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A ball grid array (BGA) is a type of surface-mount packaging (a chip carrier) used for integrated circuits. BGA packages are used to permanently mount devices such as microprocessors. A BGA can provide more interconnection pins than can be put on a dual in-line or flat package. The whole bottom surface of the device can be used, instead of just the perimeter.

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BGA Design Tips
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I was asked by many PCB designers about BGA design guidelines, say ball PAD size, pitch size, annular ring, layer counts, solder mask opening, etc. There is no ready answer for it, because every BGA is different from one another, yet there are some rules and tips to follow to make better results. In this article, I am going to introduce them step by step.
There are 4 parts in the article as showing below:
1. The advantages of using BGA
2. How to avoid BGA design mistakes
3. BGA design rules
4. BGA PCB feature definitions
1. The advantages of using BGA
A BGA package is more advantageous at design layout because it provides increased functionality at the same package size compared to the Quad Flat pack (QFP). It improves the ratio of pin count to board size, hence providing more connections and increased area for routing.
A BGA package also offers better thermal and electrical performance. It does that by providing ground planes for a low impedance power system and controlled impedance on traces.
BGAs also offer reduced package thickness than those with pins. Moreover, BGA balls are considerably stronger than QFP leads and therefore can tolerate rough handling. This can potentially reduce the cost of ownership by virtue of their re-workability.
2. How to avoid BGA design mistakes
Today’s smaller packaging can create confusion to PCB designers. When designing with BGA with pitch sizes of 0.5mm and above, there are certain rules of thumb related to pad sizes and solder mask opening. One is to maintain pad size to about 85 % of a BGA’s ball size. Another is to use a non-solder mask defined (NSMD) pad. In this case, the solder mask is larger than the BGA pad.
The solder mask is usually opened to a diameter of about the ball size of the BGA. The recessed solder mask provides stress relief to the NSMD pad during reflow. In short, it creates a protective barrier and lets solder go around it.
Then, there are solder mask defined (SMD) pads, which are used for 0.4mm and below pitch BGA PCB designs. NSMD and SMD pad definitions and photos are shown in the bottom of this article. In the SMD pad case, the solder mask opening is smaller than the pad size. Better yields and results are achieved for these particular PCB designs.
Below are some tips to avoid BGA design mistakes.
1. Using NSMD pad sizes for 0.4mm pitch BGA PCB design may provide favorable results at low volumes, but chances are low yields result at high-volume production runs.
2. Keep in mind that ball size of 0.4mm pitch BGAs are smaller than those of 0.5mm pitch BGAs. Reducing pad size further may cause an insufficient solder-able area on the BGA pads. This can lead to PCBs being rejected at assembly inspection or latent failures in the field.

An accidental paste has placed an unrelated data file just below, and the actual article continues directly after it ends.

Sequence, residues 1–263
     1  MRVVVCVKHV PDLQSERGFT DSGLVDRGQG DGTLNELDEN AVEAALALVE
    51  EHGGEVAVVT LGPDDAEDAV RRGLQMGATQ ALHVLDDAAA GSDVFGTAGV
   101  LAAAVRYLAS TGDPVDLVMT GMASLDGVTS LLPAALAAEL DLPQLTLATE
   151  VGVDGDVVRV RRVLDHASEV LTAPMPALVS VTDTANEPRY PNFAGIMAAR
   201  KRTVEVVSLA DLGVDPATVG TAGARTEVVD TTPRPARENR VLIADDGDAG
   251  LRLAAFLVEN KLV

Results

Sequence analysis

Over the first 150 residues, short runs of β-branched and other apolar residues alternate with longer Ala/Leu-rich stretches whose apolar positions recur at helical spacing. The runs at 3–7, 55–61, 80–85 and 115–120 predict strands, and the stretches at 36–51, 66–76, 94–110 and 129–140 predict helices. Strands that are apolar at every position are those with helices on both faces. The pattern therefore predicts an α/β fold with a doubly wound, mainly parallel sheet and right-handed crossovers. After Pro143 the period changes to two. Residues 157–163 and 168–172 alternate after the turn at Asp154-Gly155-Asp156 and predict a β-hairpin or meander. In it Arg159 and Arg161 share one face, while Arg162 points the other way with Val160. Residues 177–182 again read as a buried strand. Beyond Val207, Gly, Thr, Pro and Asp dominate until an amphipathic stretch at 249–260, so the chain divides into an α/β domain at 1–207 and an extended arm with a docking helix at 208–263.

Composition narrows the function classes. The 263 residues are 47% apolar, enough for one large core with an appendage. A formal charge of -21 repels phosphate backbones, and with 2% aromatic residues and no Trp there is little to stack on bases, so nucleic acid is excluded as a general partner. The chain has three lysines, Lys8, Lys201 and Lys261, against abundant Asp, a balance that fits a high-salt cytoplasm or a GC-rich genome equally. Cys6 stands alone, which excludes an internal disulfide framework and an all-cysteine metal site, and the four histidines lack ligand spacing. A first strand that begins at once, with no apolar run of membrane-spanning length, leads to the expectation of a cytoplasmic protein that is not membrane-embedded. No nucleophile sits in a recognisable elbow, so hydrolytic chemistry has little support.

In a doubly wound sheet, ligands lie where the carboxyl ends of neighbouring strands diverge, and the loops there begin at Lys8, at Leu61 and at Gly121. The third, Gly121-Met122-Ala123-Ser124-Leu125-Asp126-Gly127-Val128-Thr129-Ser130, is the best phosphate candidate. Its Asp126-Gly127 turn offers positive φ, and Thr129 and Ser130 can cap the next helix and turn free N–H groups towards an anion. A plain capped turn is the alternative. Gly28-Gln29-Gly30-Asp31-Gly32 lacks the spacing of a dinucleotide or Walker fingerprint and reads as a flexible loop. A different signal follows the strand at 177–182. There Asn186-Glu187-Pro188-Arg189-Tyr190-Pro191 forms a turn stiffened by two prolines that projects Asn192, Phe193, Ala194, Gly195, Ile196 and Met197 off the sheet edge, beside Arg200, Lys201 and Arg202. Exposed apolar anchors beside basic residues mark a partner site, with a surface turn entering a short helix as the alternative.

3. Bridging can be created between pads when using NSMD pads for 0.4- and 0.3mm pitch BGAs. Bridging is created because there’s not enough solder mask webbing between pads.
4. Since pad sizes are so small, and there is no solder mask webbing to provide adhesive strength, the pad may peel off, during reflow, or in the field. It’s best to have no trace between two BGA pads. Having them introduces shorts at pitches of 0.4mm and smaller on external layers.
5. On internal layers, there should be just one trace between pads. Also, PCB fabrication problems surface when running multiple and thin 2 to 3 mil traces between two BGA pads.
6. Make all vias solder mask covering; for the vias at BGA area, they should be via plugged. This is better for your assembly purpose.
3. BGA design rules
Figures are easier and better understandable than words, See below photo and diagram.
Conversion between mm and mils
0.075mm = 3 mils (0.003”)
0.1mm = 4 mils (0.004”)
0.125mm = 5 mils (0.005”)
0.2mm = 8 mils (0.008”)
0.4mm = 16 mils (0.016”)
0.45mm = 18 mils (0.018”)
0.5mm = 20 mils (0.020”)
4. BGA PCB feature definitions
Pitch-distance between the center of one ball to the center of the next one.
Via diameter - the full width of the via annular ring, also called PAD
Ball pads-Also called BGA "lands". This is the copper that the BGA ball solders to.
Micro via- a via that is laser drilled.
HDI- High Density Interconnect. This is the type of board that uses very small vias like micro vias. When a board uses micro vias it is called an HDI board.
The Quad Flat Package, or Quad Flat Pack, QFP, is a package used for surface mount, SMD integrated circuits
NSMD pad- Non-Solder Mask Defined ball pad. This kind of pad has an opening that is defined only by the size of the ball pad. The solder mask is applied around the ball pad and does not cover it. This kind of pad is more popular lately and has the advantage of increased ball adhesion because the ball flows around the sides of the ball pad and grips on the top and the sides. This kind of pad is usually recommended for BGA designs 0.5mm and above.
SMD pad - Solder Mask Defined ball pad. This kind of pad has a large copper area, but the solder mask covers the edges, so the opening is known as solder mask defined. This kind of pad is sometimes best for very small pitch pads where ball shorting is an issue.
Statement: This post is only the personal view of the author and does not represent the opinions of

David Russell

Remarkable.It help me a lot. Thank you.

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